How do you continue to deliver optimal performance in the operating room?
“Operating rooms almost always deliver peak performance, and I wanted to know what ingredients make that possible.” So says Eduard Schmidt, assistant professor at the Institute of Public Administration at Leiden University.
“We study whether people feel free to approach their colleagues, even in situations where there is a lot of pressure, for example if they become dry or directive,” explains Schmidt. “In the literature you will find plenty of evidence that when everyone dares to speak up, better decisions are often made than when you follow someone with blinders on.”
According to Hamming, surgery used to be much more hierarchical than it is today. “That sometimes led to complicated scenes.” The surgeon says he considers it important in his own leadership to involve everyone during an operation. “If you’re very intensively involved in an operation – and certainly if it gets a little tense – then you tend to have a kind of shrinking of the world. Then you don’t see what’s going on around you. is a trap, and then it’s very good if there are people who take you out of this concentration. This way, you continue to check together if we are on the right track.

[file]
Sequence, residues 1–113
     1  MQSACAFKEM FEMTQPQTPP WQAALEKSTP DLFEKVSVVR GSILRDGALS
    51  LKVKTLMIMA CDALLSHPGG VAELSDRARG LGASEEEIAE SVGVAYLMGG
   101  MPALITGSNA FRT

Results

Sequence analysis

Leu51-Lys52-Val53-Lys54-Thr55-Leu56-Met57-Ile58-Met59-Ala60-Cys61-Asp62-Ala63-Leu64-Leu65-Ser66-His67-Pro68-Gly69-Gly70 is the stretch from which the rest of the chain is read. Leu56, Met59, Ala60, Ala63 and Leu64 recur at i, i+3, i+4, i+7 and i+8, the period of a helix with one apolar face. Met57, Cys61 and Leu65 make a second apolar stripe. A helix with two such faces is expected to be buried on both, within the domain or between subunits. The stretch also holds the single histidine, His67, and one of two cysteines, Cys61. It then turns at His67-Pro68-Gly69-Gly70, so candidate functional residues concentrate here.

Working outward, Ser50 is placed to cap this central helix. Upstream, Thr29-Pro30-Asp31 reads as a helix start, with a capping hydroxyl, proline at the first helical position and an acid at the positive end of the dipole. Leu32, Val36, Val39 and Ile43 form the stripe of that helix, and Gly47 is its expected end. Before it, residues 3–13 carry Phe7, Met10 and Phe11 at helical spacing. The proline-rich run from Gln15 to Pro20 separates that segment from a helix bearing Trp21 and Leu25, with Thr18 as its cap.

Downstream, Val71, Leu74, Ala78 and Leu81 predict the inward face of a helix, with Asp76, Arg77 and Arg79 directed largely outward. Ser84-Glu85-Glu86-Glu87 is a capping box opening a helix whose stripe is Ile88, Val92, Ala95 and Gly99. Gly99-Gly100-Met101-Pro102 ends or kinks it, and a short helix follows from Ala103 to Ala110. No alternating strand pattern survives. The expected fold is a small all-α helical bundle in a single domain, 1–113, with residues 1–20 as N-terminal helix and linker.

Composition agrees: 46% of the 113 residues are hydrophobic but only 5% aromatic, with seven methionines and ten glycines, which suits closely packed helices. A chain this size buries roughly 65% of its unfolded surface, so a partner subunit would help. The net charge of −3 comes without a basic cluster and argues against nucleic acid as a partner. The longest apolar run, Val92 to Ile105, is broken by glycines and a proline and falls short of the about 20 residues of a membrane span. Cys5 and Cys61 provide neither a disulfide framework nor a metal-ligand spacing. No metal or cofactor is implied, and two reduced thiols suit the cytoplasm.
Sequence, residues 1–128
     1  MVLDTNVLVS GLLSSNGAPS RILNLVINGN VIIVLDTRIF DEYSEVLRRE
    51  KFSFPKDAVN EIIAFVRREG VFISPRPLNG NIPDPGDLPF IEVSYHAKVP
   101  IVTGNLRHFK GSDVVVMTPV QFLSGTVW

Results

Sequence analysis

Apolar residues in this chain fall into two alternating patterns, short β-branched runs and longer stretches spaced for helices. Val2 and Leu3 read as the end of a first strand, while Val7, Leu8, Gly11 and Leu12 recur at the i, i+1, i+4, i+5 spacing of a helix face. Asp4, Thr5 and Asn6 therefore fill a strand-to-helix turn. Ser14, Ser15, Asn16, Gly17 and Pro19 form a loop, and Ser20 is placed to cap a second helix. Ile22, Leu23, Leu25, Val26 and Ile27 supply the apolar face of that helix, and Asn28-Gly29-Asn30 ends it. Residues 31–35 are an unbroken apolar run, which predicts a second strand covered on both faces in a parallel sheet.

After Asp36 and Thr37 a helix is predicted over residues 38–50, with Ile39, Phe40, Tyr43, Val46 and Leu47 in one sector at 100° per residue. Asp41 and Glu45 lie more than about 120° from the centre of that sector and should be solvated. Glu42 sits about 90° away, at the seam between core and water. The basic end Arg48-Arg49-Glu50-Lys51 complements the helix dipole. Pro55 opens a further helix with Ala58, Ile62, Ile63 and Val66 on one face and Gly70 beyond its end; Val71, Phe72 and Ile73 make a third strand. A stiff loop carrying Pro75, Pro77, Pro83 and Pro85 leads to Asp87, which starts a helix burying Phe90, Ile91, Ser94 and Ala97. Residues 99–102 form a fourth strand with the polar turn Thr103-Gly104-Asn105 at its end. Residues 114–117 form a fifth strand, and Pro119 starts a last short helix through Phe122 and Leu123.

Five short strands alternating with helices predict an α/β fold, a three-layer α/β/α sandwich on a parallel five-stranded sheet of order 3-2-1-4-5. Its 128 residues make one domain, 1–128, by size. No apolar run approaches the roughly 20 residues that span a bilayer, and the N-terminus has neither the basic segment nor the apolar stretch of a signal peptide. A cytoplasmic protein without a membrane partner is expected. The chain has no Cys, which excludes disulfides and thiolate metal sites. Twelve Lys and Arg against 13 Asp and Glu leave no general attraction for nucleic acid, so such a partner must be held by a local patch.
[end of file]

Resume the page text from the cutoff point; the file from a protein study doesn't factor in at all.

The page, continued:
Hamming says surgical training has paid more attention to cooperation and communication over the past fifteen years. “It’s not just about your medical skills, it’s also about your professional behavior. That attention wasn’t there in the past.”
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